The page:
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13. Voluntary Motor Control > 13-3. Multijoint Arm Movements for Reaching

13-3. Multijoint Arm Movements for Reaching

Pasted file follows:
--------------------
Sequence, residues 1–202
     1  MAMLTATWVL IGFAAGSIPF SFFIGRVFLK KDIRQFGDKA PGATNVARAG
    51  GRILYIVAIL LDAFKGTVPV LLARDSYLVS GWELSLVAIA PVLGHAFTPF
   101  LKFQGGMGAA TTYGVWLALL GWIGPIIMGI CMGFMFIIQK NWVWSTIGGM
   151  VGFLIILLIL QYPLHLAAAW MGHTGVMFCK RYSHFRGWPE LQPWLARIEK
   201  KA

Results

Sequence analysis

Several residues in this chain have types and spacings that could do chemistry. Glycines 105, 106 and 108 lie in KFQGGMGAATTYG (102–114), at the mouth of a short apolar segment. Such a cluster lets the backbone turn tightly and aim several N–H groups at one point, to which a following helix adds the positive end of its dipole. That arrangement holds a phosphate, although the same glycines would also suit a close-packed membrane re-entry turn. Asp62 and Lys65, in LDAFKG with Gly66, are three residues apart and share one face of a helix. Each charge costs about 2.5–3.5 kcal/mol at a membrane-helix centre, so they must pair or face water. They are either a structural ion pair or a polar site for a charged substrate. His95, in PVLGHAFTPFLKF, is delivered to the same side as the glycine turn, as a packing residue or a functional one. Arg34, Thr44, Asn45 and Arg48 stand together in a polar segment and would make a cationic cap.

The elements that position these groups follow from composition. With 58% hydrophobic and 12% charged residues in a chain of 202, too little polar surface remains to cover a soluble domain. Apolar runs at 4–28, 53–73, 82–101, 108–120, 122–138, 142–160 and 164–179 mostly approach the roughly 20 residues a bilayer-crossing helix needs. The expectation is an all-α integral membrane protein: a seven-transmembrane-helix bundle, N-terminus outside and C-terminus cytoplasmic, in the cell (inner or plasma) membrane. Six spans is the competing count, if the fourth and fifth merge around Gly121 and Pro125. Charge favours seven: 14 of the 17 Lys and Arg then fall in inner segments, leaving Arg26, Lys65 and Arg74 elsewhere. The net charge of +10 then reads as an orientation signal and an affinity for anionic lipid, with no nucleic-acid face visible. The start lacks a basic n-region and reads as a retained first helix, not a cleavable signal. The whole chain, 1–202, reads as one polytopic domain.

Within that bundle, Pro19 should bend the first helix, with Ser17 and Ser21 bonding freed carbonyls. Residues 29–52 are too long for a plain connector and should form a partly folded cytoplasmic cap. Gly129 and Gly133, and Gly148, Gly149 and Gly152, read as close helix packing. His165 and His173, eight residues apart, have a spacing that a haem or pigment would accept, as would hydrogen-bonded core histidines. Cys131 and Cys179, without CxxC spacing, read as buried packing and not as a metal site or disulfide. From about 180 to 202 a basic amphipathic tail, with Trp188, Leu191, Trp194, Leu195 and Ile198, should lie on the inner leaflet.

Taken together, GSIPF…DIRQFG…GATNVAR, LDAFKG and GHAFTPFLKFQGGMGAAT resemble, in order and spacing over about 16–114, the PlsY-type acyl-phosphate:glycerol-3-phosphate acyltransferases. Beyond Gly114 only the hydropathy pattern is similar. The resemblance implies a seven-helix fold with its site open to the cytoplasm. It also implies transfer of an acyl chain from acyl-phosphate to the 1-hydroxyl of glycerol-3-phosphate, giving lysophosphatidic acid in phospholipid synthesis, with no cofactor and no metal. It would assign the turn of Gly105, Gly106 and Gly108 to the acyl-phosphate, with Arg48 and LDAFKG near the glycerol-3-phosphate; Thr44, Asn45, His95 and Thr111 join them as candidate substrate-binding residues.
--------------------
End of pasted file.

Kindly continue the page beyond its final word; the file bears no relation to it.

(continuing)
The well-known finger-to-nose test of cerebellar dysmetria was reproduced when a monkey wearing wedge prisms was trained to try to reach a target by hand. Adaptation in the reaching depended critically on visual information about errors consequent to the movement at its end point. The effect of this visual information on consequence errors was largest at 0–10 milliseconds, and it decayed significantly in 50–100 milliseconds (Kitazawa and Yin, 2002). Thus, this paradigm represents typical consequence error-based learning. In another study by Kitazawa and his colleagues, a monkey was trained to perform short-lasting reaching (~200 milliseconds in duration) to touch a visual target, which appeared at random locations on a screen. The monkey saw its hand and fingers and the target before and after completion of the movement, but the movement itself was performed without visual feedback. In this case, Purkinje cells in cerebellar lobules HIV–HVI exhibited multiply timed climbing fiber responses at three different stages of the movement (first, second, and third responses). The third response occurred at the end point of the movement, apparently representing visually perceived deviations....Kitazawa et al., 1998). They apparently arose within the neuronal circuit controlling the hand-reaching movement (see Chapter 15, “Internal Models for Voluntary Motor Control,” for further details).


  

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